The Dodd-Frank Wall Street Reform and Consumer Protection Act has created a uniquely powerful entity, the Consumer Financial Protection Bureau. Intended to be an independent bureau housed within the Federal Reserve Board, the CFPB will have authority over practically all federal consumer protection statutes.
As an administrative entity within another independent administrative agency (e.g., the Federal Reserve), the CFPB has been largely removed from political influence and the benefits associated with political compromise.
Because our domestic economy is reliant upon consumer spending and activity, the priorities adopted by the head of the CFPB — termed the director — will be subject to detailed critical analysis. Below are several strategies the director may consider as the CFPB takes shape.
First, the new director, who has yet to be nominated by the administration, must make the difficult choice between organizing the CFPB and focusing on forward-looking policy development. While the attractiveness of policy development is self-evident, the scope of the CFPB bureaucracy will be breathtaking and will require the hand of a steady and experienced manager.
Among other tasks, the director must create several offices within the CFPB, recruit and transfer staff from other federal agencies, identify the types of consumer financial companies that the CFPB will directly regulate and create an examination, supervision and enforcement staff for directly regulated companies. If this list of Herculean tasks is not enough, the 17 federal consumer protection statutes transferred to the jurisdiction of the CFPB will require comprehensive analyses and review — including initiating a long-sought homogenization of the mortgage disclosure requirements of the Truth in Lending Act and the Real Estate Settlement Procedures Act.
While clearly the director must include policy determinations in the organizational mixture, the emphasis on sound administrative organization should be the principal focus of the first director of the CFPB.
Once the director completes the initial organizational tasks for the CFPB and can turn to the development and implementation of policy, the assigned role of the director as the arbiter of appropriate behavior by the consumer financial services industry will almost certainly become apparent. However, the absence of a voting board of directors may make any determination by the director potentially subject to attack and criticism. Particularly if the first director accepts the appointment based upon an announced pro-consumer or pro-industry agenda, the political dynamics of almost any policy determination may result in diminished credibility and demands for change.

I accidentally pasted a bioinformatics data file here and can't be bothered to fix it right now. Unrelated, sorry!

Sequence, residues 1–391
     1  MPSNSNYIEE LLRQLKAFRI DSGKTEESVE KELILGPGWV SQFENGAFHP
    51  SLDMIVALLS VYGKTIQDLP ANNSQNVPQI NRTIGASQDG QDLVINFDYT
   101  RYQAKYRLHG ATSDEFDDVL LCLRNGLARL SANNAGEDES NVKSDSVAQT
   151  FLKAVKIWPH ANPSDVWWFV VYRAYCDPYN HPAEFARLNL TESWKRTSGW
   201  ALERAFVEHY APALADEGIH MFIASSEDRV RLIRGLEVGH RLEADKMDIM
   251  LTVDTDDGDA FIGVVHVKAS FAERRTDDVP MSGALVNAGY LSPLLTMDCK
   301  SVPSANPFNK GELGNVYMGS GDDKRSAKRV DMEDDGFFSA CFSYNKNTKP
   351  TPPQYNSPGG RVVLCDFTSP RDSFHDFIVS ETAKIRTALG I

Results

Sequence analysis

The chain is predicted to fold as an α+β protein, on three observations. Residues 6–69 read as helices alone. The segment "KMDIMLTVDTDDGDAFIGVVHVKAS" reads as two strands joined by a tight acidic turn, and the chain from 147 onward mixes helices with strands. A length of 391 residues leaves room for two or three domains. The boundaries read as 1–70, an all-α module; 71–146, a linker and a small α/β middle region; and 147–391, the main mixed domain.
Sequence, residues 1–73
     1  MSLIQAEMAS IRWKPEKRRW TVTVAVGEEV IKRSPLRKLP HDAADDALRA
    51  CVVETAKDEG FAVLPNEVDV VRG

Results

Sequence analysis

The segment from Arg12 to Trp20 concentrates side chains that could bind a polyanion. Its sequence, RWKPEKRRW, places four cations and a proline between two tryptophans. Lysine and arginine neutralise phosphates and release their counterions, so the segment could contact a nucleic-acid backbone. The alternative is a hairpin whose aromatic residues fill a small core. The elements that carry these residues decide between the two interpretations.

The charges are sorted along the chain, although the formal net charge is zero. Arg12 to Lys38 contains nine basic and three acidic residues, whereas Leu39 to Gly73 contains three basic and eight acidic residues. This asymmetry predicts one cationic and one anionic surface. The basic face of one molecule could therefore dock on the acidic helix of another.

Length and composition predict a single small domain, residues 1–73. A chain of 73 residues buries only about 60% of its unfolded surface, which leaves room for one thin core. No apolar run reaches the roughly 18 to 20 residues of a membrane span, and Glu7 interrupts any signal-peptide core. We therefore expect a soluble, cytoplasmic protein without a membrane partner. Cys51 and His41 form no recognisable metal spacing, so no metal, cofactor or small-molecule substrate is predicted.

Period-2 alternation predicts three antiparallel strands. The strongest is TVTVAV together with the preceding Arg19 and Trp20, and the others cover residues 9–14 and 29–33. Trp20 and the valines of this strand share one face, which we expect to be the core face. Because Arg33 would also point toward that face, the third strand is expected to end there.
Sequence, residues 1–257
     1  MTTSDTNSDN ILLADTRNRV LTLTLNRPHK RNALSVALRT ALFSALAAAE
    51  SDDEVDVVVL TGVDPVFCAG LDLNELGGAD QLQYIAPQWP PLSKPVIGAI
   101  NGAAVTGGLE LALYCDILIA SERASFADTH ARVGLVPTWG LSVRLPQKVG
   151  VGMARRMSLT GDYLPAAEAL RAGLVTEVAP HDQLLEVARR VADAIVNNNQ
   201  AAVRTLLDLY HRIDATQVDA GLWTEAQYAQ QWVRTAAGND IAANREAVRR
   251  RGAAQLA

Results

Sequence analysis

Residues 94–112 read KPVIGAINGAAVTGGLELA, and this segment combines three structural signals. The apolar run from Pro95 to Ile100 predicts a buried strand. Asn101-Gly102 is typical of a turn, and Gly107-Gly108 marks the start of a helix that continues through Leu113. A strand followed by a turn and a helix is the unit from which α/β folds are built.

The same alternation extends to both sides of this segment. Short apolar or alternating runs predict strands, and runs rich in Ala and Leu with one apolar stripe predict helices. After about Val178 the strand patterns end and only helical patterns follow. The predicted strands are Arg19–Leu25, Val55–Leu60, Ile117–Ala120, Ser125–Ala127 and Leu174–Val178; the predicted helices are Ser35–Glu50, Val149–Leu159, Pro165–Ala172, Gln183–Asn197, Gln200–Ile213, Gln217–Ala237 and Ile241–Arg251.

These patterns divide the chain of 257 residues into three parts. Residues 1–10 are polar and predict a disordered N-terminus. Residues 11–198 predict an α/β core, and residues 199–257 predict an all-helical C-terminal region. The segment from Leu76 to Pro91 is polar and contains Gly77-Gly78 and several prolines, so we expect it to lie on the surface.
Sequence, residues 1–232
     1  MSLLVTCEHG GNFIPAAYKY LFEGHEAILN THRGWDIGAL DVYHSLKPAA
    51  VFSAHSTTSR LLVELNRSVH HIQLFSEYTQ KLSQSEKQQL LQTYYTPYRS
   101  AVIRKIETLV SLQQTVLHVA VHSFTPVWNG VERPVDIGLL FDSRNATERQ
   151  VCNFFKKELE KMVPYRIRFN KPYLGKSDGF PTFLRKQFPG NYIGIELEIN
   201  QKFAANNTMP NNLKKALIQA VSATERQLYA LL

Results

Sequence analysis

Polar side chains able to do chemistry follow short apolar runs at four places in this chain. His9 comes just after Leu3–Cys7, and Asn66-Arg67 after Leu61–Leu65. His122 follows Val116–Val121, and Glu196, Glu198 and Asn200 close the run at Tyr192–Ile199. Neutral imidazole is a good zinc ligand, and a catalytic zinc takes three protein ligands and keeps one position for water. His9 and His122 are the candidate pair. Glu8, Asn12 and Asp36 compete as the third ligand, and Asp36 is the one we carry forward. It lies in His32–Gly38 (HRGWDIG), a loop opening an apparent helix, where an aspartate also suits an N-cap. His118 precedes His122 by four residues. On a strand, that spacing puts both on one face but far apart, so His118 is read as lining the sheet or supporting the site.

No matter who is appointed director, it is apparent that he/she will do everything possible to balance competing interests. However, the perception that valid financial industry or consumer views are not being considered may quickly undermine the effectiveness of the CFPB.
To remedy this looming problem, the director could, at an early stage in the organizational process, recommend to Congress that the bureau expand to a three- to five-person board — with the director holding management authority similar that of the chairman of the FDIC. This modification might substantially mollify all stakeholder concerns about reasonable access and ensure a fair hearing at the CFPB's policy and rulemaking levels.
Finally, the director will face with the challenge of utilizing his/her position as a bully pulpit before a wide range of engaged constituencies. Many consumer groups view the creation of the CFPB as a long-sought victory and will be interested in hearing plans for high-profile enforcement actions against lenders. At the same time, consumer financial companies will expect the CFPB to appreciate the complexities of the consumer marketplace, including a public acknowledgement by the director of the challenges presented by procedural and substantive consumer requirements in an ever-evolving technological environment.
In that regard, the assumption that current safeguards in the consumer financial system are no longer adequate to protect individuals against overreaching and unfairness is central to the creation of the CFPB. To address that perceived weakness, the CFPB has been given "UDAP" authority, which enables it to deem consumer products and services to be "unfair, deceptive or abusive." This authority stretches across the entire consumer financial sector, and includes, among other things, situations in which a consumer has been provided adequate disclosures, but the provider of a consumer product or service has overreached to the detriment of the consumer.
This expansive UDAP authority is perhaps the CFPB's most significant new authority and the director must exercise prudence when leading a public discussion regarding its proposed use. Among other things, this is because unfairness is almost always an after-the-fact and a qualitative analysis, whereas lenders and other financial providers need bright-line tests when imbedding compliance-functional capability into operational systems. It is the director's job to balance these competing interests in the public policy debate in order to secure acceptance of the CFPB in its new role as the primary regulator of the consumer financial market place.